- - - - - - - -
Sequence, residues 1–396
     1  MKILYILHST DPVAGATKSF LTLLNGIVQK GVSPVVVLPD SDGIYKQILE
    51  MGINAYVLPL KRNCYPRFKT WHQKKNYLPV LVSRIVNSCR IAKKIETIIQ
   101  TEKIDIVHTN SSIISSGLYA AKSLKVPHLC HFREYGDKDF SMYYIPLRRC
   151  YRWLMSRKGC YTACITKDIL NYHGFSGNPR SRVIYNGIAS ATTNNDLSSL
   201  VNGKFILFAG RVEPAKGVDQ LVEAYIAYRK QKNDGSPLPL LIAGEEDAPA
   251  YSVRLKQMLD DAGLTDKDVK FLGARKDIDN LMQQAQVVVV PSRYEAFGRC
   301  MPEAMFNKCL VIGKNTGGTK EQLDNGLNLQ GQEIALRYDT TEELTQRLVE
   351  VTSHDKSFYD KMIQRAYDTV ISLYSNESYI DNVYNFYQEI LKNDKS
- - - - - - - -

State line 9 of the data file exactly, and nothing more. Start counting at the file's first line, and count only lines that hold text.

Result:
   351  VTSHDKSFYD KMIQRAYDTV ISLYSNESYI DNVYNFYQEI LKNDKS